“I strictly do Iron, but I made an exception since I was on the island.” #thingstrihardssay
Yesterday I got to experience my best workout on the island thus far. I participated in the Block Island Triathlon. I had been going back and forth about if I wanted to do it or not, making up a whole bunch of bogus lazy girl excuses. Thankful I decieded to sign up and spent July training.
I kept myself calm knowing that this was not my first rodeo. I completed a similar sprint tri last summer with success, so how could I have any issues here? Training plan? Run daily, bike almost every-other dayish (does biking to the beach count?) and swim once (yeah not much of a swim fan.) OK, so I ran a lot. I have endurance, that’s what matters. I channel my inner Lohan when I strapped on my Ankle monitor timing chip.
One big difference was that the swim was in open ocean, and that means sand was involved in the tricky transition from the water to bike. I was given the secret trick of having a foot bath at my transition station. It was magic.
As we lined up at the start, they announced the run had been shortened by a ½ mile due to the high tide, as others cheered I silently cursed knowing I needed the run to catch the pack.
The swim was #strugglecity at first with waves just crashing in my adrenalized-pumped face. But I got my bearings and didn’t have to be a washout early on. Triathlons are a special instance where people do not care if they kick you in the face, elbow you out of their way and forget human decency. I do not say this in spite of these situations, I say it because it’s apart of the experience, there is no time for “sorrys” in a Tri. Say the chitchat over post race bananas.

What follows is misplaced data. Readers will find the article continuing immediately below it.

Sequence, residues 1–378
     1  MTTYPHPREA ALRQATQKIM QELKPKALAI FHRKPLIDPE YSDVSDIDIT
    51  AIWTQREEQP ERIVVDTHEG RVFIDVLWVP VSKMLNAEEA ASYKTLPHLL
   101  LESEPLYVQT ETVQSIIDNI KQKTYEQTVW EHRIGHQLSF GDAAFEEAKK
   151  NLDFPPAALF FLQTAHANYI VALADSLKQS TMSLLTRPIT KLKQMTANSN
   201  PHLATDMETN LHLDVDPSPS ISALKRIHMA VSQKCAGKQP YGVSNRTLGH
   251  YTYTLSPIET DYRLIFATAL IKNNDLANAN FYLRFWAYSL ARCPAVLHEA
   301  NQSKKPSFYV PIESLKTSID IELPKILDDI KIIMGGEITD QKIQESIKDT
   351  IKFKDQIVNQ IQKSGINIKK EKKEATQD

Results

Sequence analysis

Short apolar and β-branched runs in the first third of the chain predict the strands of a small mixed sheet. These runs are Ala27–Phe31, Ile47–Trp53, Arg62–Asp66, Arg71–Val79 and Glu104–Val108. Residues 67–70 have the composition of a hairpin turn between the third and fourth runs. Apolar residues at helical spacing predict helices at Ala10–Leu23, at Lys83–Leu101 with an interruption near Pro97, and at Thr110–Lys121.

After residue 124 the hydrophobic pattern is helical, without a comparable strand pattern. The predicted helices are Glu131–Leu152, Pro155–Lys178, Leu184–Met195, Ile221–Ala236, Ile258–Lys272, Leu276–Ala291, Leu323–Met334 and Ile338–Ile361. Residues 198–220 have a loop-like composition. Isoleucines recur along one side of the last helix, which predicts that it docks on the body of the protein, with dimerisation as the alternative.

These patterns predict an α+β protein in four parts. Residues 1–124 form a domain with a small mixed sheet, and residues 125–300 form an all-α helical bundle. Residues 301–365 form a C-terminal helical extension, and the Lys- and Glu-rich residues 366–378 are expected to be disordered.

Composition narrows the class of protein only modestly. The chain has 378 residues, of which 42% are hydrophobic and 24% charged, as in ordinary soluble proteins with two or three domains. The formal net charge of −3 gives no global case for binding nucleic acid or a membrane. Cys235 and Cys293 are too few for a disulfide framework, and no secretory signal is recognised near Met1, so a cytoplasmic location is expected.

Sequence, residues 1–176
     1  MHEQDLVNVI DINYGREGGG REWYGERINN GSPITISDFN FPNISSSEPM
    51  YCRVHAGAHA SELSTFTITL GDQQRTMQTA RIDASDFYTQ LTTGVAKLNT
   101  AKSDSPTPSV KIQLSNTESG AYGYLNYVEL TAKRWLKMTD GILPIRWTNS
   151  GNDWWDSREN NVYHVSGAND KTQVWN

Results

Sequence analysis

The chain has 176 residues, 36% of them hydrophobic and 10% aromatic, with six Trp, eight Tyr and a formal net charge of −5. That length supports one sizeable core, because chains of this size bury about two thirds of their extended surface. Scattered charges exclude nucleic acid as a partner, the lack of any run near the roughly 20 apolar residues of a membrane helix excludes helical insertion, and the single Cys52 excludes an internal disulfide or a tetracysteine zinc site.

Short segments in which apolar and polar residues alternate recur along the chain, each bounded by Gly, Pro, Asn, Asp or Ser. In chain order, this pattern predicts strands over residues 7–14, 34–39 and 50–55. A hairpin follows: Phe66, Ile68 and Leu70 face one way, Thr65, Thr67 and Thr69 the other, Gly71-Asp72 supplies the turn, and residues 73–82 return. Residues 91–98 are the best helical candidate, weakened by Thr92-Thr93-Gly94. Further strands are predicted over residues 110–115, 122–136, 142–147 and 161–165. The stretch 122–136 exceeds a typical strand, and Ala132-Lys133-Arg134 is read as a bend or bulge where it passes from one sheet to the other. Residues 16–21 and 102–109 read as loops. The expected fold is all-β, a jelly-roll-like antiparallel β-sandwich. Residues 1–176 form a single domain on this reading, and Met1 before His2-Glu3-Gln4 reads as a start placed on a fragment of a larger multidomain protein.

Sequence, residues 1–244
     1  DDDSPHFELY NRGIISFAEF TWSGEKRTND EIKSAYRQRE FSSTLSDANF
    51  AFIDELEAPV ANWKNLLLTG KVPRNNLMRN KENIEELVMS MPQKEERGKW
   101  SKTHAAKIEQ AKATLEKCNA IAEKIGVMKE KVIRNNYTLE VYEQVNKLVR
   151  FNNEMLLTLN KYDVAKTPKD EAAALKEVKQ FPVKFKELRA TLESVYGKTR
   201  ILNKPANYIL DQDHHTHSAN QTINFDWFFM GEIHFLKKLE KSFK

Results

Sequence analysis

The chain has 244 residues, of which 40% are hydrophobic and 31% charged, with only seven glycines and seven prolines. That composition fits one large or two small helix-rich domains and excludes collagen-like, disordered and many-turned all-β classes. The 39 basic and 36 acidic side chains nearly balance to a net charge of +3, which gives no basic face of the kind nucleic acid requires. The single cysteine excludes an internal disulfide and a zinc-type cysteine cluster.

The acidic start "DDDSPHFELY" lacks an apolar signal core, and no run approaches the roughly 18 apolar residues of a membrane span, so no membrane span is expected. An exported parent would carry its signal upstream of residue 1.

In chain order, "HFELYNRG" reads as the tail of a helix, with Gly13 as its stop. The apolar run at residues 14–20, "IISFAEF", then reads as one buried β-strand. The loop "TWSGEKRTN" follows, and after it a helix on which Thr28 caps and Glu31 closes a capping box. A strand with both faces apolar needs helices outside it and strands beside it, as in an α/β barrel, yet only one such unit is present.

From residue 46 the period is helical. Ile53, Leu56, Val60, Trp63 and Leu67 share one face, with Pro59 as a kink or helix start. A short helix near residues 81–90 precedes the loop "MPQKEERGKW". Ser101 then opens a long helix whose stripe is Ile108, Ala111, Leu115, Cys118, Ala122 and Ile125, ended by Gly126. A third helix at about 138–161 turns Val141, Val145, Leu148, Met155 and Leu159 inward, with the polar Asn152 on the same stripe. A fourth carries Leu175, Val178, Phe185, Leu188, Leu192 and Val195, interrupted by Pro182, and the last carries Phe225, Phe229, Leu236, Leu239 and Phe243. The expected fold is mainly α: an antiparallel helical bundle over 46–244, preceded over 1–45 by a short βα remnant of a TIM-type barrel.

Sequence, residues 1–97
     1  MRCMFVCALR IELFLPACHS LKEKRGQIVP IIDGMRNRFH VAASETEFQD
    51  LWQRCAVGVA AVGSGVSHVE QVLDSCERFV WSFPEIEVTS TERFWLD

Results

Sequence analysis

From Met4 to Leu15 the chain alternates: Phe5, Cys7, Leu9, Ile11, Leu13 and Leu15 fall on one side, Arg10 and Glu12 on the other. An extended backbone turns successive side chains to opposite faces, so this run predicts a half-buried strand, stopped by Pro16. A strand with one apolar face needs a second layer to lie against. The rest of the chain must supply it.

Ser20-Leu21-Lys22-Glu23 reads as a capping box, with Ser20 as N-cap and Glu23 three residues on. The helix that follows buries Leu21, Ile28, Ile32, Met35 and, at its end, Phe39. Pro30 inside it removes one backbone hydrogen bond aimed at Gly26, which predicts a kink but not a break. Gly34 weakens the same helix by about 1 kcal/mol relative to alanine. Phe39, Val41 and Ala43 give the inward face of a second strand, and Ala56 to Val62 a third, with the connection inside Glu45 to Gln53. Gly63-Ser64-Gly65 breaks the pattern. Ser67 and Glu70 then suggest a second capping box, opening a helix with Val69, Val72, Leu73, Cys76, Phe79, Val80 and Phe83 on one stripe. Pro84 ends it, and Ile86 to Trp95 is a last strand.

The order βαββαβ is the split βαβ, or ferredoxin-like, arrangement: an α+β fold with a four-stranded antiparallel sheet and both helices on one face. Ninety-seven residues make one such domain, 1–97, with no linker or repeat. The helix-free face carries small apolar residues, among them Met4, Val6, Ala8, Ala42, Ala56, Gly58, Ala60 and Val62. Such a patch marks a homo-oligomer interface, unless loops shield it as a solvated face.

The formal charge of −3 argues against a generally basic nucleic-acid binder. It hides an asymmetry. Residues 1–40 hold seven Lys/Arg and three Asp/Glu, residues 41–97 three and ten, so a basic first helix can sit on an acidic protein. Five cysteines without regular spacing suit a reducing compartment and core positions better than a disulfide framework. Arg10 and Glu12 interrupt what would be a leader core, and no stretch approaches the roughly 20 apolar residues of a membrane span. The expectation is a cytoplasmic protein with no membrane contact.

On the bike, I was cruising. Once the elite 50-year-old women passed me (inevitable), I settled into a good cadence. I developed a “catch-me then I catch you” with one other female biker that helped to distract from the miles. The loop was 2, 6-mile trips around the west side of the island. I am proud to say, the male top finisher did not pass me until the SECOND loop! And sounded like a Clydesdale when he did.
Finally, I made it to the run. I had trained on the beach for this part, but I had never considered running without shoes like most people did. I committed to my sneakers and just screamed, “I love it” when the waves crashed high and bogged my Asics. With the run being along the beach with turn a around points, it was fun to make faces at those I was beating (or losing to). Most importantly I was able to check out guys who were beating me, winks were exchanged and extra motivating. Whenever I needed a pick me up, I would cheer at the beach-goers would be then reciprocate the cry.
I surged hard on that run and caught up and passed a lot of women who had previously written me off as I struggled up hills on my bike. I finished in 1:33:43, which put me #3 in my age group, and 17th Female overall. I am pretty proud of my race, and honestly can’t wait to do it again!
As I bike home slowly following the race, Mr. and Mrs. Clydesdale passed me (aka the top finishers of the race) and I overheard a conversation along the lines of “So I was thinking of doing a workout this afternoon”. GTFO, I’m going to the beach and getting ice cream.